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Explain why the United States became increasingly involved in the war in Vietnam.

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Introduction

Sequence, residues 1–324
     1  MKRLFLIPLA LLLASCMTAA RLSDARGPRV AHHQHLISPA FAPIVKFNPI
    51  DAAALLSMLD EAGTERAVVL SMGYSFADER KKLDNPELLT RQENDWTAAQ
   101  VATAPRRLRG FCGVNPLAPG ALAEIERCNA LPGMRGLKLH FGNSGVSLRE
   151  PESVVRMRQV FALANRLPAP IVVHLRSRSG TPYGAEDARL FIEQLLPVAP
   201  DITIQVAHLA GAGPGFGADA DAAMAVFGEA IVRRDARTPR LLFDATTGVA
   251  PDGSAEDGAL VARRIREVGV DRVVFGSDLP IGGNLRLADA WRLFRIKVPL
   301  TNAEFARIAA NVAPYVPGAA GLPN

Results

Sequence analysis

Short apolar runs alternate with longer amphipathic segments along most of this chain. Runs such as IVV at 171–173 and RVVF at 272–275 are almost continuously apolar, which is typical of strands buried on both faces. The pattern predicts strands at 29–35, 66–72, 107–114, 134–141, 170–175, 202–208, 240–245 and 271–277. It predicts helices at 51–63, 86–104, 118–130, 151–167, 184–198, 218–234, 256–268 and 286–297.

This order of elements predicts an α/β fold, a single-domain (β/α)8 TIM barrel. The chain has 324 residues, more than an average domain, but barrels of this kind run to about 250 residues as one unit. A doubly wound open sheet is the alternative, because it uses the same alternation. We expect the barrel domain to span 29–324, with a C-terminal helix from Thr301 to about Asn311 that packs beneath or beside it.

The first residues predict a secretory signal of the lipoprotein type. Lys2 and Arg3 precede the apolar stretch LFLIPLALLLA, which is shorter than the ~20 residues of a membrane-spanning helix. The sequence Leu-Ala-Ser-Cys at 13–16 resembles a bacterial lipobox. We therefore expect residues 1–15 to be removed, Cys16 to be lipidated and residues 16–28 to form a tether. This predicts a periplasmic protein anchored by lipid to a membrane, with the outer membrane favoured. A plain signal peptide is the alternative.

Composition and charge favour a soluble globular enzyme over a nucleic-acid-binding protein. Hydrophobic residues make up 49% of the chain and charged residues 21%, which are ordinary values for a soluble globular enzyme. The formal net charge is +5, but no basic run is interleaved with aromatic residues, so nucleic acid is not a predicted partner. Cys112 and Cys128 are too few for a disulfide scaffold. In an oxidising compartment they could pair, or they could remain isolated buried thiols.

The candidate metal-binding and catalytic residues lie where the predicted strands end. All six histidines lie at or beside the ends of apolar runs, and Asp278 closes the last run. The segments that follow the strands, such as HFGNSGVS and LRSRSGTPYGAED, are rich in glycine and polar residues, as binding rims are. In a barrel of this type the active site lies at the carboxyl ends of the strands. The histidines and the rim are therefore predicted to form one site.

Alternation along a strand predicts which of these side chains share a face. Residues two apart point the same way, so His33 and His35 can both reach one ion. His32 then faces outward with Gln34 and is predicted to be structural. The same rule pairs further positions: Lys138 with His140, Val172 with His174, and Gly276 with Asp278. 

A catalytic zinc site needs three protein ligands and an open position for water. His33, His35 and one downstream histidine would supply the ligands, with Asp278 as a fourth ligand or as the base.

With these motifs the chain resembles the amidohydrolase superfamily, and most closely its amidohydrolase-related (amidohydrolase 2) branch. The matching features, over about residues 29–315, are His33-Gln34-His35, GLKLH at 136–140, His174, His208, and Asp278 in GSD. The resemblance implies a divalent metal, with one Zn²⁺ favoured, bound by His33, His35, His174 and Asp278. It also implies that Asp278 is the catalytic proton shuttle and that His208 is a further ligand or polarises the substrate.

Year 11 Coursework Vietnam 1. Explain why the United States became increasingly involved in the war in Vietnam. In the years after the Second World War, it became necessary for the Allies to decide the future of the French colony, Indochina, when the Japanese who had been occupying the country, surrendered. Prior to the Second World War, the French had ruled over the regions of Vietnam, Laos and Cambodia. The French ruling was unpopular, forcing ideas of democracy upon the Vietnamese people and the French overthrew any efforts of resistance. When the Japanese invaded the French colony, to resist the Japanese rule, an organisation was founded, the Vietminh, led by Ho Chi Minh. In order to defeat the Japanese, it was essential for the Vietminh to co-operate with the Allies and at the end of the war, Vietnam was declared independent. Unfortunately, the French returned and responded to Ho Chi Minh's declaration of the Vietnamese independence by enlisting British help in order to expel the Vietminh from the south of the country, resulting in a division between Ho Chi Minh's North Vietnam and the French's South Vietnam. This division was followed by futile attempts to negotiate between the French and the Vietnamese, which lasted a year. For the Vietminh, it was vital that the country reunited as the majority of the food production was in the south, but the French refused and so the Vietnam war began in 1946, when the French killed over 5,000 civilians. The American President, Roosevelt, disliked the French method of colonialism but conceded to pressure to conform in order to respect the United State's Ally Britain. When Truman came into power in 1945, he favoured the French in order to gain a sense of strength in Europe against the Soviet Union. Truman saw the Vietnam War not as a civil war but as communist expansion. During the first three years of the war, the US began to finance the French and so Ho Chi Minh was ultimately forced to seek support from the Soviet Union and China, confirming US fears. ...read more.